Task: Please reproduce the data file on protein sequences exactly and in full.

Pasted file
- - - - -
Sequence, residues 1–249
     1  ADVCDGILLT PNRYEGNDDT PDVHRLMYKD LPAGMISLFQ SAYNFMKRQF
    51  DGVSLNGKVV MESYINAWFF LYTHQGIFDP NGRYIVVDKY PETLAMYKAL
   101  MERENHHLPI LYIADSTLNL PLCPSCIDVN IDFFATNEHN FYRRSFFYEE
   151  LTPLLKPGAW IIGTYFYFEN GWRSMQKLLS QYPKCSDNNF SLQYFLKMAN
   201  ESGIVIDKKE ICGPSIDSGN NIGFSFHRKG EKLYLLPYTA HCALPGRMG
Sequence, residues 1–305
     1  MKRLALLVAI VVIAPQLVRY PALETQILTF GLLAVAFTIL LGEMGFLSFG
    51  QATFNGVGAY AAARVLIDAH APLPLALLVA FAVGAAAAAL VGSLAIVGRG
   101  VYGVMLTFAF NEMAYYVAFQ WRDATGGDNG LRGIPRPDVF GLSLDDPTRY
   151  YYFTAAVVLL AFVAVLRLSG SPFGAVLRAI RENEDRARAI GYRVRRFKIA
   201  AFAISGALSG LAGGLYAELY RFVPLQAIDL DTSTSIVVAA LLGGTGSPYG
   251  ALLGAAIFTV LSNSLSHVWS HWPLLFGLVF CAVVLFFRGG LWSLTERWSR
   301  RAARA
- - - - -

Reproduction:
Sequence, residues 1–249
     1  ADVCDGILLT PNRYEGNDDT PDVHRLMYKD LPAGMISLFQ SAYNFMKRQF
    51  DGVSLNGKVV MESYINAWFF LYTHQGIFDP NGRYIVVDKY PETLAMYKAL
   101  MERENHHLPI LYIADSTLNL PLCPSCIDVN IDFFATNEHN FYRRSFFYEE
   151  LTPLLKPGAW IIGTYFYFEN GWRSMQKLLS QYPKCSDNNF SLQYFLKMAN
   201  ESGIVIDKKE ICGPSIDSGN NIGFSFHRKG EKLYLLPYTA HCALPGRMG
Sequence, residues 1–305
     1  MKRLALLVAI VVIAPQLVRY PALETQILTF GLLAVAFTIL LGEMGFLSFG
    51  QATFNGVGAY AAARVLIDAH APLPLALLVA FAVGAAAAAL VGSLAIVGRG
   101  VYGVMLTFAF NEMAYYVAFQ WRDATGGDNG LRGIPRPDVF GLSLDDPTRY
   151  YYFTAAVVLL AFVAVLRLSG SPFGAVLRAI RENEDRARAI GYRVRRFKIA
   201  AFAISGALSG LAGGLYAELY RFVPLQAIDL DTSTSIVVAA LLGGTGSPYG
   251  ALLGAAIFTV LSNSLSHVWS HWPLLFGLVF CAVVLFFRGG LWSLTERWSR
   301  RAARA